The day my friend texted me, all the memories came back. The conversations about the rains, the crucial role that maize plays in their lives and the lack of food… It is all happening now. Not to a random person who I don’t know but to a friend with whom I have shared part of my life. He is not an impersonal newspaper’s headline of a cheesy charity fundraising-strapline, but a person whom I love and care for.

I texted him back saying that I was sorry for the situation he was going through. He replied: “kkkkkkk (this is the equivalent of ‘hahaha’ in Malawi), it’s alright bro, don’t worry that’s life”. 

No, I thought to myself, starving is not life. I went online just to find some terrifying headlines: “Malnutrition mounts in eastern and southern Africa as El Niño takes hold”; “Malawi to face another food disaster”; “El Niño is causing global food crisis, UN warns”. I have never felt so frustrated, angry and powerless before.

Maize is the staple grain in Malawi, without crops families are cut from their main nutritional source.

Malawi is experiencing its first maize deficit in a decade, pushing the price 73% higher than the December 2015 average. The average monthly salary of a Malawian it’s MK25,000 (around £25). Just a bag of maize to feed a family costs MK20,000 at the moment. And the prices keep escalating as maize becomes less available. We don’t need statistics here, to understand the hardship of the situation. If you are lucky and employed, you may manage to buy a bag of maize and eat just maize flour every day of the month (lunch and dinner) to keep your stomach ‘distracted’. If you are unemployed or your income depend on the fruits of farming, then the chances of you and your family starving are pretty high. 

Unfortunately, the story does not end in Malawi. Its neighbouring country, Zimbabwe, declared a national emergency a few days ago as food production has halved compared to last year and maize is 53% more expensive.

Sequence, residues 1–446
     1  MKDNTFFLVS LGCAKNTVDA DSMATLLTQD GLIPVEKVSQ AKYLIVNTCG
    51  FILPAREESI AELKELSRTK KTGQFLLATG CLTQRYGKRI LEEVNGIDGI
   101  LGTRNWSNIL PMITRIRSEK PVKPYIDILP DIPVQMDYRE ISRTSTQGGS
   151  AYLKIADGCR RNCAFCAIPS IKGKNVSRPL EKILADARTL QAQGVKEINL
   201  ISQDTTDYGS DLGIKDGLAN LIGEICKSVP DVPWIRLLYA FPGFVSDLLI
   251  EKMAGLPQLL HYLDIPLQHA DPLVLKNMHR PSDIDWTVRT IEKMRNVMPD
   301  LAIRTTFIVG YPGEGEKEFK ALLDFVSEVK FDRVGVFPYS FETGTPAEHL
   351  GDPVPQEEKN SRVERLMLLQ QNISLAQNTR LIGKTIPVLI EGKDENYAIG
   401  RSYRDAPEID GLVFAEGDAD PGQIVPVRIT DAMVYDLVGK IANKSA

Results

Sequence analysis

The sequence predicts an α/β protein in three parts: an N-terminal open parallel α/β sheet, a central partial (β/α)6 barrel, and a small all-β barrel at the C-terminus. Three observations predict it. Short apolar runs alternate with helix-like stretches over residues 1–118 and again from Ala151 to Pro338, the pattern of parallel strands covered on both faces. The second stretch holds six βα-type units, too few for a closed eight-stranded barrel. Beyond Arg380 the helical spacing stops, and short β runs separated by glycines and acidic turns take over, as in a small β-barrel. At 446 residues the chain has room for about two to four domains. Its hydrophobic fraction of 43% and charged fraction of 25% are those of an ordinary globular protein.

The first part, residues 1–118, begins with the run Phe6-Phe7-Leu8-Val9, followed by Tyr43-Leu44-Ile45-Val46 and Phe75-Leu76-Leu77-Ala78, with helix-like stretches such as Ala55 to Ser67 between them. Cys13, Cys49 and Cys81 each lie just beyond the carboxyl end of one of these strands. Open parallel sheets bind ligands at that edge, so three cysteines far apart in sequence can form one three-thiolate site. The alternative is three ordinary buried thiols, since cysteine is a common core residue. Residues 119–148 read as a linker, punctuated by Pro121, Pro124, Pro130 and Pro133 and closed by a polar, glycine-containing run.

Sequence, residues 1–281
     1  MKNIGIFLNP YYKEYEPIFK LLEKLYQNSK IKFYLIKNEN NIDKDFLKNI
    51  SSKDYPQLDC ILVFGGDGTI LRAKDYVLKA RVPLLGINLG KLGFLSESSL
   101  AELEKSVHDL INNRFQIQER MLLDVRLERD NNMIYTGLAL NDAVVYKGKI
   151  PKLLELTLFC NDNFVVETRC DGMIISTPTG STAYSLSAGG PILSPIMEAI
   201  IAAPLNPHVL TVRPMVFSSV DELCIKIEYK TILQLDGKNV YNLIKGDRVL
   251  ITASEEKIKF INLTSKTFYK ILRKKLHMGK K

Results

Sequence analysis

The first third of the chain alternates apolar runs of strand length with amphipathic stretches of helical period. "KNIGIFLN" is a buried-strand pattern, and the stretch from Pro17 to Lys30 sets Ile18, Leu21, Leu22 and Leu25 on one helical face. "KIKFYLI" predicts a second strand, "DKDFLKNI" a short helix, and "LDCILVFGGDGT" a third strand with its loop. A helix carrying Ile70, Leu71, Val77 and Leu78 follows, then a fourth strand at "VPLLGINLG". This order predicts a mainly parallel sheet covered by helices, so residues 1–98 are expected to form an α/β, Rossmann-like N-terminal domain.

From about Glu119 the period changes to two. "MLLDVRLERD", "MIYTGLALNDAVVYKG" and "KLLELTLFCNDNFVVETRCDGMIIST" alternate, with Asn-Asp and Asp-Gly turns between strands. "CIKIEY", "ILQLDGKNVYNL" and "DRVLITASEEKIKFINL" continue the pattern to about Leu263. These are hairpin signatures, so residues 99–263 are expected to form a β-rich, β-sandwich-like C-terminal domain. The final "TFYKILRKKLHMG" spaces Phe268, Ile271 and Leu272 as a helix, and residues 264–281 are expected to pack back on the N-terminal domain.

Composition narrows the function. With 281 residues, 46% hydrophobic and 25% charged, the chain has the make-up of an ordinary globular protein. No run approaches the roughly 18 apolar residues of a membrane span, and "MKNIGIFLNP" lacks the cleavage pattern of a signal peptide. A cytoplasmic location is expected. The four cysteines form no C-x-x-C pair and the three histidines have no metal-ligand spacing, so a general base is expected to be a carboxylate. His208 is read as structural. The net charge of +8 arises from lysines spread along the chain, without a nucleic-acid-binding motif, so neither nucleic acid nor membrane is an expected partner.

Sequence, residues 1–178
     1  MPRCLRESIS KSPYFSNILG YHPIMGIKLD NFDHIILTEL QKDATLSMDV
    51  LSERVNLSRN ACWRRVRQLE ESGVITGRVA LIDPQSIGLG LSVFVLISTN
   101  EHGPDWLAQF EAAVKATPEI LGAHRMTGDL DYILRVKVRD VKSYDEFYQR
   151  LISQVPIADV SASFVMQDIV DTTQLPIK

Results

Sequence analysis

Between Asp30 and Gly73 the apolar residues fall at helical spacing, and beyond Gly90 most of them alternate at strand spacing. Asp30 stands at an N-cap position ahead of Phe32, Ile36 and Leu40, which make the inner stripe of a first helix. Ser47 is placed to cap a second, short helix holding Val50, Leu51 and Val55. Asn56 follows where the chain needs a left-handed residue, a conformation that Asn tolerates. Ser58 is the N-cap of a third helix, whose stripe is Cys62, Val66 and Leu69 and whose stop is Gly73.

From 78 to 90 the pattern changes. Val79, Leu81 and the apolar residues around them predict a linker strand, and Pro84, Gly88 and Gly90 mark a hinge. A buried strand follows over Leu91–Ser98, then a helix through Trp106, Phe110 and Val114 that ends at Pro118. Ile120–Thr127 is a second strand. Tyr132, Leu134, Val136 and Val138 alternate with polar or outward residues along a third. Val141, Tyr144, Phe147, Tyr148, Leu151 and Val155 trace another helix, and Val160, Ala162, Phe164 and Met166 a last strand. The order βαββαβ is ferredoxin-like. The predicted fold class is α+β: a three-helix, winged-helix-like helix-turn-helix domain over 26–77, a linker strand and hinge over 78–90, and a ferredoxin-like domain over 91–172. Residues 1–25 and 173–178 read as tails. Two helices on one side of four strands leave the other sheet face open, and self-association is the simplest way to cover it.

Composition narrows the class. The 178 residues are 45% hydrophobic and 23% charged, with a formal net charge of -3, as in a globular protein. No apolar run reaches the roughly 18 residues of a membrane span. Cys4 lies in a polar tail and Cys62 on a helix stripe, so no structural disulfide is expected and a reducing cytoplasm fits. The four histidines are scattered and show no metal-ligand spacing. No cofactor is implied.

According to the UN, 100 million people in southern Africa, Asia and Latin America are currently facing food and water shortages due to the heavy droughts. 

Nowadays, our brains are constantly bombarded with horrific headlines. There are so many of them, that we start believing our hearts are hardwired for indifference. But that’s not how it should be. To me, Malawi was just a name on a map until last year, but not anymore. Now my friends live there, people I worked with live there, my host family lives there…and some of them are struggling for food. How can I not be angry? How can I be indifferent anymore?

As soon as we get out of our comfort zone and meet someone from a different background to ours, we start realising that headlines are not just ink and the problems they talk about don’t always happen to someone else. 

Things are getting tougher for the most vulnerable people in the world. These headlines are not just based on figures out of a statistic report. They represent the suffering of the human family – the one we all belong to. They are crying out for help and it would be outrageous to let them starve. 

Do you want to help us continue our work in Malawi and Zimbabwe by raising funds and awareness? Visit our website to find out more about how you can get involved. Or, if you would like to take part in our Lent fundraising challenges ZimFare and ZimFast, click here

Carlos' Progressio ICS team posing together after receiving training on Sexual and Reproductive Health.